Cameron: Well I guess Quade and Henry Speight and Nick Cummins [aka The Honey Badger] have all sort of committed to a block of time to join the program. Others apart from that I’m not sure. Our coach has sort of said to us he’s going to pick the best 12 for Rio and he’s said he’s not going to bring someone in just for the sake of it. If I can benefit the side then obviously he will, but I guess the way I look at it is that people need a fair block of time to adapt to the game. Yes it’s rugby, the skills cross over but it’s very much a different game. You need time to adapt to our styles of play, our defensive shape, our strategy. It’ll take time, Sonny Bill Williams got his first taste of the game last week with New Zealand and he admitted he’s still learning the game so if they do decided to bring more people in they give them a decent block of time to get to know the guys in the side and really adapt to how we play.

HuffPost Australia: Let’s cut to the chase. Australians love an Olympic medal. Australia is currently seventh in the World Sevens series standings. Can we do better in Rio?

Cameron: We’ve gotten off to a pretty slow start in the series this year. Last year we finished fifth but in the last year we’ve sort of proven that we can knock off the best sides. We’ve beaten Fiji, we’ve beaten New Zealand, we’ve beaten South Africa. So we know we can do it. It’s about putting six performances back to back that we’re happy with and that are up that level. In the series these days there are a lot of upsets happening, we see it every tournament. So on the day anyone can beat anyone.

HuffPost Australia: Is there a good feeling in the camp?

Cameron: Yeah, and everyone’s really excited for this weekend especially, so hopefully all goes well and the same happens for the rest of the year.

HuffPost Australia: When did you know that you wanted to concentrate on Sevens rather than the traditional 15 man game?

Cameron: I first played a Sevens tournament in 2011 and I think it was a game that really suited the way I played. I got my first taste of it and signed with the Australian side, then started straight out of school.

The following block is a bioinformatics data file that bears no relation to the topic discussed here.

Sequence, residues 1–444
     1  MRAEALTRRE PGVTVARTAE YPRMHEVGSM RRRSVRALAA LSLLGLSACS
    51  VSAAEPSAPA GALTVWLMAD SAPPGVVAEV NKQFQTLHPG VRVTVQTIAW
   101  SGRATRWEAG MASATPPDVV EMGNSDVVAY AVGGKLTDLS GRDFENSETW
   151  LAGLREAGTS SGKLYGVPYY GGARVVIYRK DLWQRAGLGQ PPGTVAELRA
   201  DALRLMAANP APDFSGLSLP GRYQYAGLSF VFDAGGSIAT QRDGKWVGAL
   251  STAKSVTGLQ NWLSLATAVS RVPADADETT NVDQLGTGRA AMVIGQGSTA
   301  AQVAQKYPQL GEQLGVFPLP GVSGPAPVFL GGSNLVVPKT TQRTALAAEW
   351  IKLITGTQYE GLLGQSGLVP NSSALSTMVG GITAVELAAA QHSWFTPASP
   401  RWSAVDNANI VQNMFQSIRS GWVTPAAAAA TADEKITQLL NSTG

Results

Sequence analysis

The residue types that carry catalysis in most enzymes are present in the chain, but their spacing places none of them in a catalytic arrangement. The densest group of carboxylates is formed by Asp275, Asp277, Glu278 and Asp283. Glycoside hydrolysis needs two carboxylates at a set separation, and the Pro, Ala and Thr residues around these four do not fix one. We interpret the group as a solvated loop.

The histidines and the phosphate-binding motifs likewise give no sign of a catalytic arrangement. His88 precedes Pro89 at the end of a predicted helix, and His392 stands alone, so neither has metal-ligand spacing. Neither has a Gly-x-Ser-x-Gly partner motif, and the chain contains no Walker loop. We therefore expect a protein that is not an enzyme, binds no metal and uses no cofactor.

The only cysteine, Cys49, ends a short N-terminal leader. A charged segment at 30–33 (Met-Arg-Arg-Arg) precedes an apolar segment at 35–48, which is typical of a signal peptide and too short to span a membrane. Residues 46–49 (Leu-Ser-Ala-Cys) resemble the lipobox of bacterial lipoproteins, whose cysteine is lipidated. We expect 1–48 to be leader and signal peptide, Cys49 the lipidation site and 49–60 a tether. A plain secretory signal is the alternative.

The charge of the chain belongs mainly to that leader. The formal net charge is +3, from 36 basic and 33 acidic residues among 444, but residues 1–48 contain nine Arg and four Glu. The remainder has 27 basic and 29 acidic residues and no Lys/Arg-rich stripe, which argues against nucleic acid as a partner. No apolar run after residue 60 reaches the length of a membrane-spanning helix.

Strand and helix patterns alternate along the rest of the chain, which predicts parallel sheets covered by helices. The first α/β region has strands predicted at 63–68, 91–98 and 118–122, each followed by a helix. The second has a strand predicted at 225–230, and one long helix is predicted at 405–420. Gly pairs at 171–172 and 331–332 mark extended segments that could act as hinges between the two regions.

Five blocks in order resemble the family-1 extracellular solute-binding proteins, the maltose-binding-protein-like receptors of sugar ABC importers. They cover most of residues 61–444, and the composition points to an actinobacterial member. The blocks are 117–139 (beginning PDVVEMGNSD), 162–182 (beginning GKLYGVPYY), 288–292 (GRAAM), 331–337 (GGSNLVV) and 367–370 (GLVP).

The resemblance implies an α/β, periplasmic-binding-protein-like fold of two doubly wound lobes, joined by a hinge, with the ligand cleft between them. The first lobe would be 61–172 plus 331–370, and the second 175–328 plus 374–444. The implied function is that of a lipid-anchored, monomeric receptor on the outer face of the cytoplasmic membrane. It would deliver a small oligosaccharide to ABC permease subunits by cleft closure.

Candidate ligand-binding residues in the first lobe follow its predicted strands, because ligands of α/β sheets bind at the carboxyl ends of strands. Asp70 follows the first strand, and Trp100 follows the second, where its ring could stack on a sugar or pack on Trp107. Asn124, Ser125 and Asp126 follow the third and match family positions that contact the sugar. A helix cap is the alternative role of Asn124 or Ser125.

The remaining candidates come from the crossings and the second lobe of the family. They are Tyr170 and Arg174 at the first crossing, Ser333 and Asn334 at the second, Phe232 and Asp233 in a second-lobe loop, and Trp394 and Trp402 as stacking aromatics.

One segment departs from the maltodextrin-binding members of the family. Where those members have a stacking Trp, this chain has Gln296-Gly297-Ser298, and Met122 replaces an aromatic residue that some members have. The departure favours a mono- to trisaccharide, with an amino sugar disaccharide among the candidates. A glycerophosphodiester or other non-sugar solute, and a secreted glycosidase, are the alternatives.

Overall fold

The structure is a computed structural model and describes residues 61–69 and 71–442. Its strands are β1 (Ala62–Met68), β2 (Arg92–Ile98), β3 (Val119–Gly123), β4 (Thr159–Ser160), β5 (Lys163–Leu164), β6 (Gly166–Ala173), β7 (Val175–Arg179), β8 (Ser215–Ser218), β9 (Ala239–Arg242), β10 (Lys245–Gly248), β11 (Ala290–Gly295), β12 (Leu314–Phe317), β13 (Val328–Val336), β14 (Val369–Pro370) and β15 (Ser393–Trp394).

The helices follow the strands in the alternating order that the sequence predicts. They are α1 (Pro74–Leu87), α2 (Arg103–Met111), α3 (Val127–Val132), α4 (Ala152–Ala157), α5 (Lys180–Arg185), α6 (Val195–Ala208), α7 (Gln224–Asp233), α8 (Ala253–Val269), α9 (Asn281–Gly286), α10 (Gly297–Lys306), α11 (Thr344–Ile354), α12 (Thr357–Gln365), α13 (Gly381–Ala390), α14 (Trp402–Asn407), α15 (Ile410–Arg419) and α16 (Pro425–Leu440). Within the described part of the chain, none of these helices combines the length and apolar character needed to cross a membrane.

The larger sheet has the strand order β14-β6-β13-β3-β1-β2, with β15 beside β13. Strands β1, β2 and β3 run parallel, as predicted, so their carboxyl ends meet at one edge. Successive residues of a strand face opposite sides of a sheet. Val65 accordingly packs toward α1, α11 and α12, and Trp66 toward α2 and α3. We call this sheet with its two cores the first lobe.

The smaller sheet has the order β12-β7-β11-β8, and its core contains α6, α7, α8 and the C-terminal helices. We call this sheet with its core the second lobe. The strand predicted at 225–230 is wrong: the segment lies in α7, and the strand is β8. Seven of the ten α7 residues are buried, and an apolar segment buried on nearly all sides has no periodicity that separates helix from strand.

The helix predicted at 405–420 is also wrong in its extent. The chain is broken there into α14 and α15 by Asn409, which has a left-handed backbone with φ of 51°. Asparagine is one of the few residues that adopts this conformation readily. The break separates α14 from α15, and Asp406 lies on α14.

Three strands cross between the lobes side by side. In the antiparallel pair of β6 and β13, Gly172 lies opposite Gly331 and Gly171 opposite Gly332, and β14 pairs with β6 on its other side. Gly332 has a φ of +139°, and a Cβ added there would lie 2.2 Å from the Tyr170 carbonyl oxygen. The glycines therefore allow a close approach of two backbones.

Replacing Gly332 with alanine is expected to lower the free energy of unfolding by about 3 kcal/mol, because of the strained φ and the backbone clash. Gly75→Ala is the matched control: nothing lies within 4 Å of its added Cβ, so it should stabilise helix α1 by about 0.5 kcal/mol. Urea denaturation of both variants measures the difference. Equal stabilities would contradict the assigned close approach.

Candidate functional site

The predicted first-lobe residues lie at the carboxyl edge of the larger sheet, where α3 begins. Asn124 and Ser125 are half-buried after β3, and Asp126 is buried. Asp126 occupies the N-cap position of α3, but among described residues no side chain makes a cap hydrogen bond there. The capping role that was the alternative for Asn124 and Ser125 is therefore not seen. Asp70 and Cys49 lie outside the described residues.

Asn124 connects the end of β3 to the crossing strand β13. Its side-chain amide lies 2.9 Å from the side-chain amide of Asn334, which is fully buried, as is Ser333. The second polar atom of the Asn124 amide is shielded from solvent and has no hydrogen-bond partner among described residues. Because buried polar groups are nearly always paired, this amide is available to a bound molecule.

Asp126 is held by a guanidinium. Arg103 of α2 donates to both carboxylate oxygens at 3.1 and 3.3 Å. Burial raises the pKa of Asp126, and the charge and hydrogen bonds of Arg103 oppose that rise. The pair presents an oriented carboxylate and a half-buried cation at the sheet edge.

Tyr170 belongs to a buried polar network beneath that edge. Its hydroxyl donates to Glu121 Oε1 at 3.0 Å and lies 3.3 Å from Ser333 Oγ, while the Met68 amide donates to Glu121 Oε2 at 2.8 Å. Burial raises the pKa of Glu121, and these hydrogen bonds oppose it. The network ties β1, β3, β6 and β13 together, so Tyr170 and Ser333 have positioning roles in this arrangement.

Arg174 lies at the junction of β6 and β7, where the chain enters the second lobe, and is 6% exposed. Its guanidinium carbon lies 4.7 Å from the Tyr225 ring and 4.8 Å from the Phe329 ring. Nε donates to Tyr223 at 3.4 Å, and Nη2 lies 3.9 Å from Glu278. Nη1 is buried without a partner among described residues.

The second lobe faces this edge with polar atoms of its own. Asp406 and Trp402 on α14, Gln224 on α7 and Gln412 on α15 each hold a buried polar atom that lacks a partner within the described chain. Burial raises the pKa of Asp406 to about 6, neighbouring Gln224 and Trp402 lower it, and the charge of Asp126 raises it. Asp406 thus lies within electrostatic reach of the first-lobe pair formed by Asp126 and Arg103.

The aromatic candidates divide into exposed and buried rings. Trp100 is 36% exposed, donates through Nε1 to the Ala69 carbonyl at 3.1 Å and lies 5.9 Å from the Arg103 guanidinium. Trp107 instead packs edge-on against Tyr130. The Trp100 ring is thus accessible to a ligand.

HuffPost Australia: Describe your playing style in completely glowing, immodest terms for us

Cameron: Well I played at fullback and the outside backs in the 15 man game, so I guess I’m still that style of player. It suits me to have a lot of space on the field, you have a lot of opportunity to beat a man one on one. But the game also tests you defensively a hell of a lot because you’ve got other pretty able athletes trying to beat you as well, so it’s very much a challenge and it took me a while to get my head around the game.

rugby sevens crowd

Na-na-na-na-na-na-na-na Superman!

HuffPost Australia: Have you ever experienced rugby snobbery where 15-a-side guys go “oh, he’s just a Sevens guy”?

Cameron: I think people who have played or had a run around at Sevens have an appreciation for it, the level of intensity it’s played at the whole game. There's a lot of running and you get fatigued quite quickly so I think they have an appreciation in that sense. And now the game’s getting quite a lot more physical as well. I think the guys understand that.

HuffPost Australia: Are you totally buggered after a two day tournament?

Cameron: Yeah generally, quite spent yeah.

HuffPost Australia: As everyone knows, the Australian rugby 15-a-side team is called the Wallabies. You guys are just called the Australian Sevens. We need a name. Have you got one?

Cameron: We’ve been called the Aussie Thunderbolts in some domestic tournaments, but that’s the only name I’ve heard of.

HuffPost Australia: We need a fast animal. Or something, anyway.

Cameron: I’ll work on it.

HuffPost Australia: We will too. Good luck this weekend and the rest of this year too.

Cameron: Cheers.